And then there’s of course the new Edge, which we couldn’t forget about. Although it was made generally available on January 14, Microsoft says that the new Edge is set to roll out over the next few weeks, most likely as part of the May 2020 Update. There’s a bunch of new features coming with it too, like Pinterest integration – now in the Canary channel -, a sidebar search option, WebView2 – based on Chromium and a replacement for EdgeHTML WebView -, and more.
On a slightly related note, though not necessarily from Build, Edge Dev build 84.0.516.1 is out with a bunch of fixes, Edge 83 is now rolling out in the Stable channel with extension syncing and other features, while the browser itself has been shown off running on Linux for the first time.
A Group Tabs & Share extension is now available for Chromium Edge users, doing exactly what it sounds like it would, and for those who use Chrome proper, you are now able to utilize Windows Hello to complete payments.
There were some other announcements and updates, both from Build itself and outside of the conference, so let’s take a look at those, starting with some Microsoft 365 apps.
First up there’s Teams, which now has support for a 3×3 grid and a raise hand feature, as well as Power Platform integrations, customizable templates – available in the coming months -, and even a Visual Studio Code extension (in preview). Prezi Video integration is available too, and interoperability between Skype and Teams was said to be available sometime in May, but has now been pushed to the end of June.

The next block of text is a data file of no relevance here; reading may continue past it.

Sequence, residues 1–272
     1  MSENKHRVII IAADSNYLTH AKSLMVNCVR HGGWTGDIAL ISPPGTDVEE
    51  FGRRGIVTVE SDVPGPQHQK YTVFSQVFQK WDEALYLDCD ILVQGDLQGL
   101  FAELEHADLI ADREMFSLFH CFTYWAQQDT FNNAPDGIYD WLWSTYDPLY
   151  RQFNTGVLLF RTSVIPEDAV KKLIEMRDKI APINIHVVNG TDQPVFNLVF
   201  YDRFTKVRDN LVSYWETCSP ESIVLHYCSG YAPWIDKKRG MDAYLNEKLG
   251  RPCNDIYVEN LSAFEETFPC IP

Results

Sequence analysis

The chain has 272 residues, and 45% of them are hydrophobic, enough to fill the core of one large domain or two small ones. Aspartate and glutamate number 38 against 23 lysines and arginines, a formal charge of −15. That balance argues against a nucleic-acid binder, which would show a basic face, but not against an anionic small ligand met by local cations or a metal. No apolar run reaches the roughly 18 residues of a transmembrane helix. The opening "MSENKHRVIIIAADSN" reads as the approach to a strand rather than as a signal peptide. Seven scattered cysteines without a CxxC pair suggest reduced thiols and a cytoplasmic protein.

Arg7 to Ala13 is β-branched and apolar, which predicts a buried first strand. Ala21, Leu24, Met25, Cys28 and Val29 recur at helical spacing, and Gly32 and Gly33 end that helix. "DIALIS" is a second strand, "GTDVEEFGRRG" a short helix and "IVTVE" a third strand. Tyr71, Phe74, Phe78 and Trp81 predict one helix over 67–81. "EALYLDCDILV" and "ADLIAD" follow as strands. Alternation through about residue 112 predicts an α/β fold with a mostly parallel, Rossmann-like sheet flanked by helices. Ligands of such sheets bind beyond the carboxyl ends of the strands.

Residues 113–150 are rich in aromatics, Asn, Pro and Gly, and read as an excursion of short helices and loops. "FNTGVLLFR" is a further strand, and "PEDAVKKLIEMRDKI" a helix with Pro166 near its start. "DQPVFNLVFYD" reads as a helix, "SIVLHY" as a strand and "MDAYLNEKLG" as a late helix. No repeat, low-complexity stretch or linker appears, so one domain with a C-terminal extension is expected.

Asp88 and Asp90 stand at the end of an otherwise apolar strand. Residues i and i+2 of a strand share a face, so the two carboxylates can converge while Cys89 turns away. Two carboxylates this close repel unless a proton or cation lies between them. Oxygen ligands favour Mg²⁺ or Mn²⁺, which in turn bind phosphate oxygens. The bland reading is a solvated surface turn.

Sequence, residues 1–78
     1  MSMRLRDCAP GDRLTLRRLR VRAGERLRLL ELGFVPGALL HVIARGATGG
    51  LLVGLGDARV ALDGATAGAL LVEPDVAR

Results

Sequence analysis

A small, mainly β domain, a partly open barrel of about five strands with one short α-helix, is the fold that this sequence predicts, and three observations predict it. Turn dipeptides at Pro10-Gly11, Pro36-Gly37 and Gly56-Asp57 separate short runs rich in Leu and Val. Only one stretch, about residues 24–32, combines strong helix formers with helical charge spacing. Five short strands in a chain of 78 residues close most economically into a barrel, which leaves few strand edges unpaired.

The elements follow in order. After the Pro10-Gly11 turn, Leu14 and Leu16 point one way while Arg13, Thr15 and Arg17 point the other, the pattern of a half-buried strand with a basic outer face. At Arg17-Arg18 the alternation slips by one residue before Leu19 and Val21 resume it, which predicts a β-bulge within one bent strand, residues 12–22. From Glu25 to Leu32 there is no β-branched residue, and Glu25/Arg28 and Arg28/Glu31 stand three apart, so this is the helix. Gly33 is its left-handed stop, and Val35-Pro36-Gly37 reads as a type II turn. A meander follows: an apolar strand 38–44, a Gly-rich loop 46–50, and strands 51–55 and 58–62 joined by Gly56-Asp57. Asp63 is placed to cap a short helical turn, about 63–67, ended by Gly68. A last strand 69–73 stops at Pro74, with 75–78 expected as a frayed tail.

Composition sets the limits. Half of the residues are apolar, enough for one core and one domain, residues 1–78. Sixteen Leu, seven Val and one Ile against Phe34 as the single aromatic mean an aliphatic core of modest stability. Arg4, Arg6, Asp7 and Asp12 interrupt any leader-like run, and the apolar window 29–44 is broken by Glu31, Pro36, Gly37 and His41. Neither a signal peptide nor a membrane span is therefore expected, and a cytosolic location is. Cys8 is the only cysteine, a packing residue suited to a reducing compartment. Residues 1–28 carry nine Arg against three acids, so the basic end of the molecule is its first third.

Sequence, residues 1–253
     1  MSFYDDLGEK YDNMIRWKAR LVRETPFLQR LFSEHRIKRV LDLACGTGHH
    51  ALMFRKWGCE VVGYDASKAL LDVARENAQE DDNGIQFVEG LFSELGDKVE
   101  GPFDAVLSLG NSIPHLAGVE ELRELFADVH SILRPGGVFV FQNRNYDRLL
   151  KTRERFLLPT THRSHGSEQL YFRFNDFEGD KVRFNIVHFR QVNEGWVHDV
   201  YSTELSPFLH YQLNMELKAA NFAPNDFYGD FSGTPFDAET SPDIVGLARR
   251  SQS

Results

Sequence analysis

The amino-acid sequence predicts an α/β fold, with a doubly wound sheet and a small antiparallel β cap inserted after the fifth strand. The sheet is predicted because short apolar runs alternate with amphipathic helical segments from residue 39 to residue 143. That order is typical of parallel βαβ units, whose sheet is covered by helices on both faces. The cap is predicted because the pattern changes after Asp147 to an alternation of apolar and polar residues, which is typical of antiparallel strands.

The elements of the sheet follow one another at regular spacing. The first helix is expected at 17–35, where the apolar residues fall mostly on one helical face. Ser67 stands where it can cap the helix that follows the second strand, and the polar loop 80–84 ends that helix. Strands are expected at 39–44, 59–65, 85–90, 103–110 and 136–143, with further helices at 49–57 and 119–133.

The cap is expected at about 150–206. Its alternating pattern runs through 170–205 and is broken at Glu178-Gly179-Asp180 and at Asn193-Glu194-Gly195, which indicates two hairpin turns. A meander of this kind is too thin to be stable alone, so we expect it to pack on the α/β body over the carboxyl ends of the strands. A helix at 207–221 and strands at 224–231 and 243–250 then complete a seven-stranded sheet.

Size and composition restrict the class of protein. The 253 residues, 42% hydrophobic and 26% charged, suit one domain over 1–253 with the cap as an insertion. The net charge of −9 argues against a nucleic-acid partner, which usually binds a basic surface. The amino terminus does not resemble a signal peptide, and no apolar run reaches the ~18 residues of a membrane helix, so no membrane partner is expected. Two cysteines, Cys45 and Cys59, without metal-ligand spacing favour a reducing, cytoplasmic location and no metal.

Visual Studio 2019 was updated too to include enhancements to C++ via version 16.6, a new IntelliSense code linter, and more. The first preview of VS 2019 16.7 can be obtained now as well. On macOS, VS 2019 8.6 now has an integrated terminal to reduce window switching, support for building web apps via Blazor WebAssembly, and other features.
On the subject of useful programs, Windows Terminal’s 1.0 version has reached GA, Microsoft has announced a preview of Winstall.app – a web-based GUI for the Windows Package Manager -, and PowerToys version 0.18.1 has been released with a number of bug fixes. This new version of PowerToys brings a Keyboard Remapper feature, as well as PowerToys Run, an app launcher akin to programs such as Launchy. It’s meant to replace Win+R with something better.
Worthy of attention is also the GitHub mention of Windows 10 on ARM emulation support for 64-bit Intel apps, as well as the release of Windows 10 build 19624 as an ARM VHDX, something previously rumored.
Speaking of builds, 19631 made its way to the Fast ring with an array of fixes and a slightly shorter list of known issues. There’s really not much in the way of features to be seen here, which is somewhat of a theme with recent Fast ring builds.
Remember how Microsoft said that tying builds for specific upcoming feature updates to the Fast ring is something it will not do? That’s seemingly no longer the case, as the company is not not doing it, so you can look forward to 21H1 builds in the Fast ring starting in June.
Minecraft at 200 million
Although admittedly relegated to this last section of the column, there was no way gaming wouldn’t be mentioned, especially given the rather impressive milestone announced this week.